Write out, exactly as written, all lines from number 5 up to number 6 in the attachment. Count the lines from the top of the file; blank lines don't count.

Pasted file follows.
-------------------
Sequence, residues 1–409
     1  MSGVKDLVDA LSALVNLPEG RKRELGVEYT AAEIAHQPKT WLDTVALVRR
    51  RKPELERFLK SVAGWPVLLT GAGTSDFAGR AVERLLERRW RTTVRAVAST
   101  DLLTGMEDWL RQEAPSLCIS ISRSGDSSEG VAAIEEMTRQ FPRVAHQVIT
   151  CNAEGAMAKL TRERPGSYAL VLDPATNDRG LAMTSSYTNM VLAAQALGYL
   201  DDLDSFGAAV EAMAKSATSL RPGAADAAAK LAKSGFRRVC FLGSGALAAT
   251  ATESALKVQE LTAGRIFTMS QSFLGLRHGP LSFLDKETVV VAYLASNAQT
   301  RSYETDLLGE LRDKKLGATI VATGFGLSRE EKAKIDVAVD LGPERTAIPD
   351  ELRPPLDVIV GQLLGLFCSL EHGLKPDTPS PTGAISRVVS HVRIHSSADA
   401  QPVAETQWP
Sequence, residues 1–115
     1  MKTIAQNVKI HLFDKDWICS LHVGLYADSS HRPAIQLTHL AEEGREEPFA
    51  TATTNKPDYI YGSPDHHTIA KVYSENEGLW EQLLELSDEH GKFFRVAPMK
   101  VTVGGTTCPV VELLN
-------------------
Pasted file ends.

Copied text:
   151  CNAEGAMAKL TRERPGSYAL VLDPATNDRG LAMTSSYTNM VLAAQALGYL
   201  DDLDSFGAAV EAMAKSATSL RPGAADAAAK LAKSGFRRVC FLGSGALAAT